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October 29, 2019 at 7:00 PM
Join us for a screening of David Shields‘s groundbreaking new film, Lynch: A History, which examines race, protest, and the sports industrial complex through the divisive figure of former Seattle Seahawks running back, Marshawn Lynch. The film is a loose adaptation of Shields’s 1999 book, Black Planet: Facing Race During an NBA Season.
The screening will be followed by a conversation with Shields and writer Ijeoma Oluo.
This event is free and open to the public.
“A groundbreaking documentary about a silence that isn’t really a silence.”
—Claudia Rankine, author of Citizen
“An incredible piece of storytelling, forgoing all the tedium of documentary norms. Hilarious and devastating.”
—Jonathan Lethem, author of Motherless Brooklyn
Culling more than 700 video clips and placing them in dramatic, rapid, and radical juxtaposition, Lynch: A History is a powerful political parable about the American media-sports complex and its deep complicity with racial oppression.
The film was written, produced, and directed by David Shields, New York Times-bestselling author of more than twenty books, including Black Planet: Facing Race During an NBA Season, which the New York Times called “a risky and brilliant book” and Newsday called “one of the best books ever written on the subject of sport in America, which is to say a book that is about a great deal more than sport.”
Lynch, which is loosely inspired by Black Planet, documents and celebrates what Shields calls “Lynch’s attempt to be true to himself in a capitalist, racist society that wants to exploit him and that he wants to both exploit and oppose. Lynch is leaving a legacy of the eloquence of silence, echo, and mimicry as key tools of resistance.”
David Shields is the author of twenty-two books, most recently The Trouble With Men: Reflections on Sex, Love, Marriage, Porn, and Power (21st Century Essays, 2019) and Nobody Hates Trump More Than Trump: An Intervention (Thought Catalog, 2018). Other books include Reality Hunger: A Manifesto (Knopf, 2010), named one of the best books of 2010 by more than thirty publications; The Thing About Life Is That One Day You’ll Be Dead (Knopf, 2008), New York Times bestseller; and Black Planet: Facing Race During an NBA Season (Crown, 1999), finalist for the National Book Critics Circle Award. Shields has published essays and stories in the New York Times Magazine, Harper’s, Esquire, and many more.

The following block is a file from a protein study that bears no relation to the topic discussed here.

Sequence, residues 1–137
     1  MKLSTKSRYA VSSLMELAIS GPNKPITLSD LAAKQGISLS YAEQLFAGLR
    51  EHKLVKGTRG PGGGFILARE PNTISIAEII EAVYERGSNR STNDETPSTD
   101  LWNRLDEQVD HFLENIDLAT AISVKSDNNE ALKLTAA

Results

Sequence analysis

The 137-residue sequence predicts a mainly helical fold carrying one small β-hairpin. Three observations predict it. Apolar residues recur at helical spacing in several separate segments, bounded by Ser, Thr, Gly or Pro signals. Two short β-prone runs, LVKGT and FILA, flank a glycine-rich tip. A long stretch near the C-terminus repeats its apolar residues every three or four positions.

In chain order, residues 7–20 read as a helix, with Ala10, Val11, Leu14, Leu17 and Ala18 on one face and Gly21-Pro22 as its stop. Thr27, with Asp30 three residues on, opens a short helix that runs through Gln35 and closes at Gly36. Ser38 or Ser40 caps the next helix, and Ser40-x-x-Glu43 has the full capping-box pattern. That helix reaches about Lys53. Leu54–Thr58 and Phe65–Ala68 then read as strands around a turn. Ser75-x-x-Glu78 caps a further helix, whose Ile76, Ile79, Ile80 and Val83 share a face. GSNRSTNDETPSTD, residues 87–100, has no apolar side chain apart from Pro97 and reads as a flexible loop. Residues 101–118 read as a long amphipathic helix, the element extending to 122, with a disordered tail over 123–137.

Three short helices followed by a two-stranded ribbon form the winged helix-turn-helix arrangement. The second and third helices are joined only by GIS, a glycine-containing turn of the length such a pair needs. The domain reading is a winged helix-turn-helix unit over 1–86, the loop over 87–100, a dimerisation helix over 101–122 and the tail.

Ijeoma Oluo is a Seattle-based writer, speaker and internet yeller. Her work on social issues such as race and gender has been published in the Guardian, The Stranger, Washington Post, ELLE, NBC News, and more. Her New York Times-bestselling first book, So You Want To Talk About Race, was released January 2018 with Seal Press. Ijeoma was named one of the Most Influential People in Seattle by Seattle magazine, one of the 50 Most Influential Women in Seattle by Seattle Met, one of The Root‘s 100 Most Influential Americans in 2017 & 2018, and is the recipient of the 2018 Feminist Humanist Award, the Media Justice Award, and the 2018 Aubrey Davis Visionary Leadership Award.